Exposure to BPA

Pregnant women who are exposed to bisphenol A, a chemical commonly used to make plastic, may be more likely to develop type 2 diabetes later on, a study published today in the journal Endocrinology suggests.

More than 96 percent of Americans have bisphenol A, or BPA, in their bodies, according to the Centers for Disease Control and Prevention.

Whether exposure to BPA poses any concrete risk to our health is the subject of much debate. BPA mimics the natural function of the hormone estrogen, and concern has focused on exposure during pregnancy and shortly after birth. In 2012, the Food and Drug Administration banned BPA in plastic baby bottles and children’s drinking cups.

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Many studies have explored the effects of a mother’s exposure to BPA from drinking and eating out of BPA-lined bottles and cans on a developing fetus. The research published today focuses instead on BPA’s effects on the mother herself.


Researchers exposed pregnant mice to enough BPA to simulate levels found in human blood tests. More than six months after they gave birth, the mice showed altered insulin sensitivity and a loss of beta cells in the pancreas that produce insulin. The mice exposed to BPA also had slightly higher body weights than those that were not.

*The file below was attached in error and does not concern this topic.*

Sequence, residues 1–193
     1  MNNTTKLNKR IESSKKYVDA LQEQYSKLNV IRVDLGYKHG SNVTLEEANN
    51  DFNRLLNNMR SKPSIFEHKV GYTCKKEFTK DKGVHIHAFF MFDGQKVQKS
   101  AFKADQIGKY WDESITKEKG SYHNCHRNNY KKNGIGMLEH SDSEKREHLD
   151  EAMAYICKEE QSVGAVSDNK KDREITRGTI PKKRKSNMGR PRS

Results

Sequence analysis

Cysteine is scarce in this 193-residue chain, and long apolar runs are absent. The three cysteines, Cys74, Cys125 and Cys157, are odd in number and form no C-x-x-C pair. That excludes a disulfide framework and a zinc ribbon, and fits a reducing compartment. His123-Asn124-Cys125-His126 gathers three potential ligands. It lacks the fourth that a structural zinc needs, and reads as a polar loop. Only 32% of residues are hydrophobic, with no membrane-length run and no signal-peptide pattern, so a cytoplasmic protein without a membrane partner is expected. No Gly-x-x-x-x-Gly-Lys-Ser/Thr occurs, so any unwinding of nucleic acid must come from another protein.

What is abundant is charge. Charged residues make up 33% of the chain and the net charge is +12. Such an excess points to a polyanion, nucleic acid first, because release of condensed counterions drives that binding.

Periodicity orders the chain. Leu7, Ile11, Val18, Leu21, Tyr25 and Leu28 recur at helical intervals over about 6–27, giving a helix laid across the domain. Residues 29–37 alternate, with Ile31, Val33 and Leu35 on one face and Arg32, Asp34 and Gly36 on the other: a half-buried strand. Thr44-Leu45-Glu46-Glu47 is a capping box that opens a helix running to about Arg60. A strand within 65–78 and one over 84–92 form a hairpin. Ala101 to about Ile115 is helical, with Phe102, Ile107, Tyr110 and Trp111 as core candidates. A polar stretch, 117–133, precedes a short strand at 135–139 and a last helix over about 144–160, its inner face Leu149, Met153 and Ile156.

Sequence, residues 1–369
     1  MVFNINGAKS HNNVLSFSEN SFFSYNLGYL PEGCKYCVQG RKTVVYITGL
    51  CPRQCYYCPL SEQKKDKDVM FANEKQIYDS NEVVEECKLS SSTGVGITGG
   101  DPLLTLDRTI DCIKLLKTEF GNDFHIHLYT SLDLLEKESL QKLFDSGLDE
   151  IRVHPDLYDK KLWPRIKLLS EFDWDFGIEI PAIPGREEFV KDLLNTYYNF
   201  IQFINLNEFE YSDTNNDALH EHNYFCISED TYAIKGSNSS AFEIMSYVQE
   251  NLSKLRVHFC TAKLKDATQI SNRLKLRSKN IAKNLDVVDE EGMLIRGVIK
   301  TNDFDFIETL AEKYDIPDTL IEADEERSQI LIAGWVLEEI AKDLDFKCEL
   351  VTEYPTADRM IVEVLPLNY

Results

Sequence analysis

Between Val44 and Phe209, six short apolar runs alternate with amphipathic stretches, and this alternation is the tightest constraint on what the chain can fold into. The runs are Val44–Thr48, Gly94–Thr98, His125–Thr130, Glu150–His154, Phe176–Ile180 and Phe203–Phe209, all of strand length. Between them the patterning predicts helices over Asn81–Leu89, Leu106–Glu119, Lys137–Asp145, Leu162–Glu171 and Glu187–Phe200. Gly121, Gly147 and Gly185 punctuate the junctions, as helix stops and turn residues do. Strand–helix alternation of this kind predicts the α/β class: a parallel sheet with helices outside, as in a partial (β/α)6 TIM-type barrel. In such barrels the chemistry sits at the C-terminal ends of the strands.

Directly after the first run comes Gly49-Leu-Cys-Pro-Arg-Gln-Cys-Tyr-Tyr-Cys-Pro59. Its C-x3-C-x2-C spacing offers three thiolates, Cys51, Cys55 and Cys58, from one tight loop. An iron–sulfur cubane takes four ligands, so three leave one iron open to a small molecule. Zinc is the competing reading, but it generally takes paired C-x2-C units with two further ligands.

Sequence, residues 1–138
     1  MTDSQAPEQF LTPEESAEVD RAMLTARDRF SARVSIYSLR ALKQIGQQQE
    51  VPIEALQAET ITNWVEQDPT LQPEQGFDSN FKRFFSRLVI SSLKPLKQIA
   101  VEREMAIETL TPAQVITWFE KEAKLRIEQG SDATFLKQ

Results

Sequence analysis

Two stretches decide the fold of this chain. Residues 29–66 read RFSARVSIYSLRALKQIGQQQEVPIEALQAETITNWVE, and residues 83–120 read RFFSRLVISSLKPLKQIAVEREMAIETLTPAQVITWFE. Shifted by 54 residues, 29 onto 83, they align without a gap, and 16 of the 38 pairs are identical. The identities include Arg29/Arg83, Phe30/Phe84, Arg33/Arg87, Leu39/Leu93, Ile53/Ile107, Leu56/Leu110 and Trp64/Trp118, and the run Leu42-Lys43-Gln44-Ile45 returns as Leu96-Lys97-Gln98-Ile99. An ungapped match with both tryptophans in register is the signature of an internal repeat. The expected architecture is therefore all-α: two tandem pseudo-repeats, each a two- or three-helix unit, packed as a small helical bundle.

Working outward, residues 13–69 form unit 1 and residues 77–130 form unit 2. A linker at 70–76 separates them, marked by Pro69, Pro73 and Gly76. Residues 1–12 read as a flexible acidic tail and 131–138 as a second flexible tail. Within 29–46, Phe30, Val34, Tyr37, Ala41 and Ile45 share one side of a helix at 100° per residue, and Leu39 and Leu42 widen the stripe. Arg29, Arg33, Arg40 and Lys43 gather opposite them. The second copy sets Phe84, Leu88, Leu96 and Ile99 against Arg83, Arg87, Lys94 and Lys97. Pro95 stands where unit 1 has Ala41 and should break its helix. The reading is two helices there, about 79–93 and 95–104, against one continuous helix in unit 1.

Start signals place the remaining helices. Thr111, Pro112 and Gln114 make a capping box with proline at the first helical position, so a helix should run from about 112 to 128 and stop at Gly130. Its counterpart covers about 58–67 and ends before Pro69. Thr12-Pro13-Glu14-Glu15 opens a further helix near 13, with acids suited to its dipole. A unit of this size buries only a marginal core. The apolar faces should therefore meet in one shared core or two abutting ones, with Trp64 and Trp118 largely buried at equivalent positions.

Both insulin resistance and excess weight are risk factors for type 2 diabetes. Rates of type 2 diabetes and obesity have increased dramatically in the United States in the past 30 years.

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During a normal pregnancy, mothers develop some insulin resistance and hyperinsulinemia, an excess of insulin in the blood, related to high estrogen levels.

The researchers hypothesize that exposure to BPA, which acts like estrogen, pushes this natural phenomenon into high gear in the pregnant mice, exhausting their beta cells.

“We speculate that treatment with BPA during pregnancy may result in the overworking of pancreatic beta cells,” the researchers concluded.

A separate European analysis found that BPA had a 20 to 70 percent probability of having caused childhood obesity in more than 42,000 European kids, costing the healthcare system about $1.7 billion during their lifetimes.

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